rjohn76

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About rjohn76

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  1. Unfortunately, I have seen several different versions of that statement today ("die mad boomers") across Facebook, Reddit and other platforms. I understand the sentiment behind it, but it's doing absolutely nothing to bridge the gap between the different viewpoints/generations. In fact, it's actually turned a couple people off today that had approached the situation with an open mind. In an activity that is often reliant on donations, it seems odd to target the "boomers" that control roughly 70% of the disposable income in the United States.
  2. The greater emphasis on member safety & security has definitely played a role in how volunteers are utilized. Some corps have struggled internally with how to balance those key areas with the need/desire/openness of having people drop in & help for a couple hours or even a couple days. In many cases, it's not practical for grandma & grandpa that live near a random show on tour to go through the necessary screening to be able to help with one or two meals before the corps moves on to the next stop. At the same time, not putting them through that screening leaves the corps at risk on multiple levels. It's easier in many cases to just politely decline their help. Doing so is not nefarious by any means. It's exactly what many people in the activity have been asking for.
  3. If they engaged in any type of "commerce" in the state of Massachusetts, then it could potentially be an issue. That includes performing in a show/concert, participating in a parade, or any other business function which could be considered a conflict with what the original 27th Lancers declared on their trademark registration. Even selling souvenirs/merchandise through an online store to a customer in Massachusetts could potentially be considered "commerce" based on many of the new tax laws that require out-of-state merchants to collect & pay sales tax as if they had a brick & mortar presence in each state. Given that thought process, a court order would likely stop them from using the name in within Massachusetts. If the new organization opted not to appear in that state, and simply chose not to sell merchandise to customers in that state, they could probably skirt local trademark registration. Would it be worth it though?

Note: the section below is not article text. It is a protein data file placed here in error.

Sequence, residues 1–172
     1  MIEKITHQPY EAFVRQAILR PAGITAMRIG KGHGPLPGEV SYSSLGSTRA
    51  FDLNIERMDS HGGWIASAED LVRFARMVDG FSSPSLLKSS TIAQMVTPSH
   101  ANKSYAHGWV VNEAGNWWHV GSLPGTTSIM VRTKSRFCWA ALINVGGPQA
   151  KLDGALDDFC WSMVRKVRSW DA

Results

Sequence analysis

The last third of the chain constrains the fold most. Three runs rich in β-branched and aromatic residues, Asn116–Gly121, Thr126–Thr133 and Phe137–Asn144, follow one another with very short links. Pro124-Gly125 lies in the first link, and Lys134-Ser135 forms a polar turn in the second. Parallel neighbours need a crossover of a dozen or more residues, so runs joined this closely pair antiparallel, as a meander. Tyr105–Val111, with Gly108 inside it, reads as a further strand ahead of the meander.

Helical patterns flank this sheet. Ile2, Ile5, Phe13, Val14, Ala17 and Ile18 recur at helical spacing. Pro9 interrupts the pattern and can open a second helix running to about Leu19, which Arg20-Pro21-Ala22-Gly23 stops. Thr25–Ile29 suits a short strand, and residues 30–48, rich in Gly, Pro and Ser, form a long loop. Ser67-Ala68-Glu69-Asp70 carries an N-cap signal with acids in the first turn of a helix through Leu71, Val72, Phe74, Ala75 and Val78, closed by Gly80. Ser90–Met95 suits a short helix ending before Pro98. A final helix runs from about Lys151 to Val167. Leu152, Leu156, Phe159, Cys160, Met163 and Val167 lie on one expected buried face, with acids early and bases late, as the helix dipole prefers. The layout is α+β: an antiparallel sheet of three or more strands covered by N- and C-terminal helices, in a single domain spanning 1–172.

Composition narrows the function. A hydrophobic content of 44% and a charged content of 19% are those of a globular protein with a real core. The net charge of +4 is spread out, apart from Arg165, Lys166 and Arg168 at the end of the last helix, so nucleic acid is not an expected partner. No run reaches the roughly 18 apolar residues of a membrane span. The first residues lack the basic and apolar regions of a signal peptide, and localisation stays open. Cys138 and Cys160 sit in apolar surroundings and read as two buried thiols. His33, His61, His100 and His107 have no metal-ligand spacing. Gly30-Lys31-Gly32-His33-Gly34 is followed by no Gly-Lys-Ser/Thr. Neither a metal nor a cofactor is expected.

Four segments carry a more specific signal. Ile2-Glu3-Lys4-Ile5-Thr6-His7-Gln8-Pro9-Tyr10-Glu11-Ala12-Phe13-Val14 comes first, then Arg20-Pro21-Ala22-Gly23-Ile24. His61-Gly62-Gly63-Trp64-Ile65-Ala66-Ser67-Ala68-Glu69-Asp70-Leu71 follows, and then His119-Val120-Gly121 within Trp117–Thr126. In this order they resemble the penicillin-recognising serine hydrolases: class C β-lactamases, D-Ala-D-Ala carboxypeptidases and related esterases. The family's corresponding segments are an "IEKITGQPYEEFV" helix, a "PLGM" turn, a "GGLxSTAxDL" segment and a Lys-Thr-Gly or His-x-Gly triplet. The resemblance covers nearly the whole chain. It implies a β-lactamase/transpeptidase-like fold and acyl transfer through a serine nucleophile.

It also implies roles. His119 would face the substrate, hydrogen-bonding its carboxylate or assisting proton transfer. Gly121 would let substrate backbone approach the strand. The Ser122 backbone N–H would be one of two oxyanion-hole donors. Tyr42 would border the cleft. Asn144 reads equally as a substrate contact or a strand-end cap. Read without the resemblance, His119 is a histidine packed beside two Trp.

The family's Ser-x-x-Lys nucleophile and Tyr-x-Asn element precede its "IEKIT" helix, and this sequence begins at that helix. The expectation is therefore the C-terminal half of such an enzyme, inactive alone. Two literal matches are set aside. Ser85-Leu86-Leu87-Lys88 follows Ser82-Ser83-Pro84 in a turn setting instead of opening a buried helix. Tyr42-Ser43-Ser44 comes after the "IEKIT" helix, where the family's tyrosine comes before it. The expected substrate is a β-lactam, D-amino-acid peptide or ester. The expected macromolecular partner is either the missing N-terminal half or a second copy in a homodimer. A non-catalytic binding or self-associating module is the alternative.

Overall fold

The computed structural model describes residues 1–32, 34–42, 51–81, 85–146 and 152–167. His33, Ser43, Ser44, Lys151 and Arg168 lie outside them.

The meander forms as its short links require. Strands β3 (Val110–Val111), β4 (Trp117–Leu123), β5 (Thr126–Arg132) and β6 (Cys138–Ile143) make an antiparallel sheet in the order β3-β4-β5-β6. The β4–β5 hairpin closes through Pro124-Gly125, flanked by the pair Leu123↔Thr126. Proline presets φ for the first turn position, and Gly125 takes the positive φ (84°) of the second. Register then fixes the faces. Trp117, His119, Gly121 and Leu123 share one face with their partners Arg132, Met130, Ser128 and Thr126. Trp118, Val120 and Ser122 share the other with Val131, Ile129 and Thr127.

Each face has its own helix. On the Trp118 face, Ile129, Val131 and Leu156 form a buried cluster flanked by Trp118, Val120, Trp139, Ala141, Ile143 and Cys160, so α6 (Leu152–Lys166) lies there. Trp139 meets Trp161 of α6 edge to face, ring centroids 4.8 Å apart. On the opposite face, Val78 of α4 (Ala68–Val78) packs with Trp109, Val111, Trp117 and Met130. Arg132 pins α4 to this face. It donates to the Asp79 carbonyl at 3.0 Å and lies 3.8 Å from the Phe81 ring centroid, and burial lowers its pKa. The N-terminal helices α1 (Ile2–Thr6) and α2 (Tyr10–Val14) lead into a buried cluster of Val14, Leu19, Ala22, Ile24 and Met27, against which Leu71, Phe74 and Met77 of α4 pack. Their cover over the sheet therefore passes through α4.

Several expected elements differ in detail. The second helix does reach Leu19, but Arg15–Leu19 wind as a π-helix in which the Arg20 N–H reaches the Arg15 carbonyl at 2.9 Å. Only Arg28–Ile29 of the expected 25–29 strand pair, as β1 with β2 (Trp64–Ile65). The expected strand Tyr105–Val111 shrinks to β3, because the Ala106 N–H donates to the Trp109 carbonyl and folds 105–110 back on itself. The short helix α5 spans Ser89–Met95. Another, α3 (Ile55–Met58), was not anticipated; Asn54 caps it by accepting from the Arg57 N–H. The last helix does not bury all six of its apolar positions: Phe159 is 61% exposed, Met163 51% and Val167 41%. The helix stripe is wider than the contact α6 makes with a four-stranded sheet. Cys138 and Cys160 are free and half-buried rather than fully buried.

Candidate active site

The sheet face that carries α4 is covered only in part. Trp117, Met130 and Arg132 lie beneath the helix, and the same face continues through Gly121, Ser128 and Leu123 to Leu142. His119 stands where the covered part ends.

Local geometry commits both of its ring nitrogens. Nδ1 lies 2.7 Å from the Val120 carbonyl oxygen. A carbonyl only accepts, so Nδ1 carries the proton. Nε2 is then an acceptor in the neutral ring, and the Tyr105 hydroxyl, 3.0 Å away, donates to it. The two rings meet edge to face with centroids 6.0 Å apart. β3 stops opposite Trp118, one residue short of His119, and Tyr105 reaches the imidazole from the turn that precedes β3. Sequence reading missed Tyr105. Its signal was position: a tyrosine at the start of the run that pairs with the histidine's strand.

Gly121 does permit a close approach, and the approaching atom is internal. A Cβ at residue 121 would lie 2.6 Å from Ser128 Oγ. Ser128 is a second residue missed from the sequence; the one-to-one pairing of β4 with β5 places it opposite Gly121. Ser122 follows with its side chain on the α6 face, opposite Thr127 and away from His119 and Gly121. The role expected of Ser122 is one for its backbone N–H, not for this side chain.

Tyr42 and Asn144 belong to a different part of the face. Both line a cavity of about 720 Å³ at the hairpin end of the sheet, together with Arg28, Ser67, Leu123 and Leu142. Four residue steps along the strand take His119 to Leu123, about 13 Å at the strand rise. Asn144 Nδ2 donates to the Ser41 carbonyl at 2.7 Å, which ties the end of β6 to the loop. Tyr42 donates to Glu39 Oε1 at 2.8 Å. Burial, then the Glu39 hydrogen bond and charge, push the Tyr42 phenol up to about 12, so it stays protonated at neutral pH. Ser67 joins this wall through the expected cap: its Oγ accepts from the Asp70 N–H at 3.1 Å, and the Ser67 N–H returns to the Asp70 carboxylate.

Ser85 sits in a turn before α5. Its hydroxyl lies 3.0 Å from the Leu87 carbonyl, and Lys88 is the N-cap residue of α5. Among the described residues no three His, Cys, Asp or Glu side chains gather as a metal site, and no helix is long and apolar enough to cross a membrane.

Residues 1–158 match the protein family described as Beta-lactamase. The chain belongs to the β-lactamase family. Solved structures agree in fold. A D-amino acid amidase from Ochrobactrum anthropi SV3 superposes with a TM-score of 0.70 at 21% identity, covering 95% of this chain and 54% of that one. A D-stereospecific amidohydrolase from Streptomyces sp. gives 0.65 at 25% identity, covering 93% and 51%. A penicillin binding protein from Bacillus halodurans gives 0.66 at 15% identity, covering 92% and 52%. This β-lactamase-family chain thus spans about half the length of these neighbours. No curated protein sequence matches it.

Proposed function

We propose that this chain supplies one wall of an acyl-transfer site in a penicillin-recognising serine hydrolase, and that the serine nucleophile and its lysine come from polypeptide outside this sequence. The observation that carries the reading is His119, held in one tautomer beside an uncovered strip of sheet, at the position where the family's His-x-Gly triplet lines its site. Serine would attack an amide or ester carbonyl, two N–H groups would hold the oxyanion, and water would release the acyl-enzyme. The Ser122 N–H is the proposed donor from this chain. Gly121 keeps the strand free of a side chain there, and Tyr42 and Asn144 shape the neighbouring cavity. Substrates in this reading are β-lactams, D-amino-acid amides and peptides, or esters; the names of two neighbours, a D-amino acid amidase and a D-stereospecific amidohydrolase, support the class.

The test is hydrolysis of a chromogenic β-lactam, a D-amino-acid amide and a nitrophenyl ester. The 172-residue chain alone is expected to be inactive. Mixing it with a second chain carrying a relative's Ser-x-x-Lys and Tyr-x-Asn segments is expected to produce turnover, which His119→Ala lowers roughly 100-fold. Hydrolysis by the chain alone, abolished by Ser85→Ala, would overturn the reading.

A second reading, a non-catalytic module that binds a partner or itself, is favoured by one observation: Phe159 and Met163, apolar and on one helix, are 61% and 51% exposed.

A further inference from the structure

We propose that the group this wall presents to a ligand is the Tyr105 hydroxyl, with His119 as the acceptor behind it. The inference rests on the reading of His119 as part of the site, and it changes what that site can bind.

4. To add to this, state trademark registration only protects your trademark in the state where you register it. If a group wanted to incorporate a drum corps (or similar type organization) in Massachusetts using the "27th Lancers" name, they most likely would not be able to do it. There are two trademark registrations in Massachusetts that would in theory prevent them from doing so; "27TH LANCERS DRUM AND BUGLE CORPS" and "27TH LANCERS DRUM AND BUGLE CORPS INC.". I'm guessing that's what may have happened with the alumni corps. However, if a group wanted to register the organization and trademark in any other state, they most likely would be able to do so without much difficulty. They could potentially even register the trademark with the USPTO as there wouldn't be any competing marks on file at the time of their application. The Bonfiglio's could oppose the registration and claim ownership of the trademark based on first use, but that route isn't always a guaranteed win. One other factor to consider would be "abandonment". Non-use of a trademark for three consecutive years is considered abandonment unless proven otherwise. If the drum & bugle corps aspect of the 27th Lancers has not been active in the past couple years... there could be an argument that any right to the trademark (whether registered or not) has been abandoned based upon non-use.